|MLSS-CLU||Coordinate with District Child Labor Committees (DCLCs) in 24 of Zambia's 102 districts to increase local awareness of child labor. Mobilize communities against child labor, including its worst forms.(3)|
|Zambia Police Service Child Protection Unit||Coordinate with the Ministry of Community Development, Mother, and Child Health (MCDMCH) to protect children from general abuse, including the worst forms of child labor.(3)|
|DCLCs||Respond to child labor complaints at the local level and file complaints to the MLSS. Composed of ZPS, MLSS, MCDMCH, and civil society stakeholders.(3)|
In 2013, the Government created a DCLC in Kaoma District in the Western Province. Kaoma District was targeted due to the high prevalence of child labor on tobacco farms.(3) The Government intends to establish DCLCs in all districts but lacks the resources. DCLCs serve as the main referral mechanism for social welfare services.(3) Due to overlapping responsibilities and communication lapses, individual agency mandates may not be carried out effectively in some cases and a lack of DCLCs may lead to inadequate referral mechanisms.(9)
The Government of Zambia has established policies related to child labor, including in its worst forms (Table 7).
|National Child Labor Policy||Establishes an action plan and designates responsible agencies to address child labor issues.(3, 19)|
|National Action Plan for the Elimination of the Worst Forms of Child Labor||Identifies five specific priorities for Government focus: improve and enforce existing laws and policies on child labor, protect all children from hazardous labor, strengthen institutional capacity, raise awareness, and establish monitoring and evaluation systems.(3, 19)|
|Poverty Reduction Strategy Paper*||Includes the eradication of the worst forms of child labor as a goal.(9)|
|Sixth National Development Plan (2011-2016) *||Includes the eradication of the worst forms of child labor as a goal.(3, 22)|
|Education Policy and Education Act of 2011*||Includes rights of children, including the right to free education, and provides for the re-entry of teen mothers into school.(3)|
|National Employment and Labor Market Policy*||Proposes interventions to eliminate the worst forms of child labor through services provided in the agriculture, health, and education sectors. Provides skills and education to prepare young people for decent and productive work.(9, 14)|
|UN Development Assistance Framework for Zambia (2011-2015)*||Includes the prevention, protection, and rehabilitation from the worst forms of child labor as a policy outcome in accordance with the Sixth National Development Plan.(23)|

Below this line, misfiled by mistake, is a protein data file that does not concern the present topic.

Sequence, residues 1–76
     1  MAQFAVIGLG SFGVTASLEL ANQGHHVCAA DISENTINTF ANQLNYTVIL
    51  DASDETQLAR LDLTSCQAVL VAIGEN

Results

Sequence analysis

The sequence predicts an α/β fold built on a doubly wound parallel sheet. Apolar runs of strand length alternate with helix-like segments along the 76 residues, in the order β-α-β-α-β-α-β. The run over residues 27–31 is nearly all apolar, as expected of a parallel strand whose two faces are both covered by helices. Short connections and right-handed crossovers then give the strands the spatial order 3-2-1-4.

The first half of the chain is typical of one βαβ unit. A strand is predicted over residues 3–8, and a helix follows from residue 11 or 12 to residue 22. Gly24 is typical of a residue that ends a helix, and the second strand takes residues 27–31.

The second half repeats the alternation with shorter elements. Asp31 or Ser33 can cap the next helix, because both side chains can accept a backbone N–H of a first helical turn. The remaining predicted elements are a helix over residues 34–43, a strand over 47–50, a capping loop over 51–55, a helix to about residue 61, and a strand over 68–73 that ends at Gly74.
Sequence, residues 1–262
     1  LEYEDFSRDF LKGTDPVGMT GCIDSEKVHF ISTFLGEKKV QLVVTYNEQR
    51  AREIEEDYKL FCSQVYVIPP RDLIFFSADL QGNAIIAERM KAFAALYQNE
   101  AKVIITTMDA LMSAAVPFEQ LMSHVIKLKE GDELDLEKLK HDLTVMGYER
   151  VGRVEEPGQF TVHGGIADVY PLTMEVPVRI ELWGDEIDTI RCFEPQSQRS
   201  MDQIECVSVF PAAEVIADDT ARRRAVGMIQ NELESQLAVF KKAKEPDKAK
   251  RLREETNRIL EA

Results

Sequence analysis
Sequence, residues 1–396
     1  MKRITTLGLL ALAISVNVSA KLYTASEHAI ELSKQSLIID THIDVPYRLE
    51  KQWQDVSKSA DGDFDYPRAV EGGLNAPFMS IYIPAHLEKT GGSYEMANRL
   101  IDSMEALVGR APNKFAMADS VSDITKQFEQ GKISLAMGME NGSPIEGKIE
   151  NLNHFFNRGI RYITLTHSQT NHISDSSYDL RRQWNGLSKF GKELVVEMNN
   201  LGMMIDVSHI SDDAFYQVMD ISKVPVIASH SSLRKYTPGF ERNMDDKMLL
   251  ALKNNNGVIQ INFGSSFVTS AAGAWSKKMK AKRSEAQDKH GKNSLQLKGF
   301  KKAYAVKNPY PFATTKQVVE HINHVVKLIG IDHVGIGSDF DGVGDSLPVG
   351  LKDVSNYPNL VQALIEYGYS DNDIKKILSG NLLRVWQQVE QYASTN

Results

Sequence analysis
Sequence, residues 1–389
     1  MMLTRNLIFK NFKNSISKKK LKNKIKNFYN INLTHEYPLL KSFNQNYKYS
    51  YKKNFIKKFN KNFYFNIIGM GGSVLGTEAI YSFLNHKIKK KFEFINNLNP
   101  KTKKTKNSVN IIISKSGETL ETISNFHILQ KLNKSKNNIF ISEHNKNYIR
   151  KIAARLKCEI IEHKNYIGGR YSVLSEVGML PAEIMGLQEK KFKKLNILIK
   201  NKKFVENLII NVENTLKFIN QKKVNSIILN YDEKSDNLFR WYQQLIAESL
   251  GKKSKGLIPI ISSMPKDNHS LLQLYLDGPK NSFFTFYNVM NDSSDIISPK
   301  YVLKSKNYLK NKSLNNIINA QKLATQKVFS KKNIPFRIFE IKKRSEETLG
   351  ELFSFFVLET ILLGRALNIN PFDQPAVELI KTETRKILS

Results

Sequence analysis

*The impact of this policy on child labor does not appear to have been studied.
Efforts to implement the Child Labor Policy have been restricted due to inadequate funding.(19)
In 2013, the Government of Zambia funded and participated in programs that include the goal of eliminating or preventing child labor, including in its worst forms (Table 8).
|Tackling Child Labor through Education (TACKLE) project||Jointly launched by the European Commission and the ILO to combat child labor through education in 12 African and the Caribbean countries and the Pacific group of states (ACP). (24) Aims to strengthen the capacity of national and local authorities to implement and enforce child labor laws and policies in Zambia.(9, 19, 25, 26) Extended until August 2013 and included ILO training on child labor issues for government officials and teachers; implementation of four Action Programs to assist children exposed to or at risk of child labor, especially those living in vulnerable communities; and awareness-raising on child labor through education initiatives.(9, 19, 25, 26)|
|Global Action Program on Child Labor Issues Project||USDOL-funded project implemented by the ILO in approximately 40 countries to support the priorities of the Roadmap for Achieving the Elimination of the Worst Forms of Child Labor by 2016 established by the Hague Global Child Labor Conference in 2010. In Zambia, the project aims to improve the evidence base on child labor through data collection and research.(27)|
|Pilot social cash transfer program*‡||Government program that provides funds on the condition that parents send their children to school rather than to work.(19)|
|Government child labor sensitization efforts‡||Government programs to sensitize the public on child labor at the national and district levels through implementing partners.(3)|